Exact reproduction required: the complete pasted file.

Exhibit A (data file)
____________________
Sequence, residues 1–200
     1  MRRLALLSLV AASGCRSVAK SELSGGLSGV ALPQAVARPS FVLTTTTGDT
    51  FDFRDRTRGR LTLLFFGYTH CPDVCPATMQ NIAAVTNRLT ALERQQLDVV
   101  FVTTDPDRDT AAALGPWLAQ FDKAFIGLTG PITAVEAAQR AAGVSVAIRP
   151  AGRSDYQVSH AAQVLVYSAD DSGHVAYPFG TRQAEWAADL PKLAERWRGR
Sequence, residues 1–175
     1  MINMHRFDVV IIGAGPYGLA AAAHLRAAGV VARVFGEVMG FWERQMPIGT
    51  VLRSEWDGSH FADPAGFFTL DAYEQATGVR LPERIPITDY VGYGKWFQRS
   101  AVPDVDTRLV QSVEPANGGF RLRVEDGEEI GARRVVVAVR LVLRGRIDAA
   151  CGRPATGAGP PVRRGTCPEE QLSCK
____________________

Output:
Sequence, residues 1–200
     1  MRRLALLSLV AASGCRSVAK SELSGGLSGV ALPQAVARPS FVLTTTTGDT
    51  FDFRDRTRGR LTLLFFGYTH CPDVCPATMQ NIAAVTNRLT ALERQQLDVV
   101  FVTTDPDRDT AAALGPWLAQ FDKAFIGLTG PITAVEAAQR AAGVSVAIRP
   151  AGRSDYQVSH AAQVLVYSAD DSGHVAYPFG TRQAEWAADL PKLAERWRGR
Sequence, residues 1–175
     1  MINMHRFDVV IIGAGPYGLA AAAHLRAAGV VARVFGEVMG FWERQMPIGT
    51  VLRSEWDGSH FADPAGFFTL DAYEQATGVR LPERIPITDY VGYGKWFQRS
   101  AVPDVDTRLV QSVEPANGGF RLRVEDGEEI GARRVVVAVR LVLRGRIDAA
   151  CGRPATGAGP PVRRGTCPEE QLSCK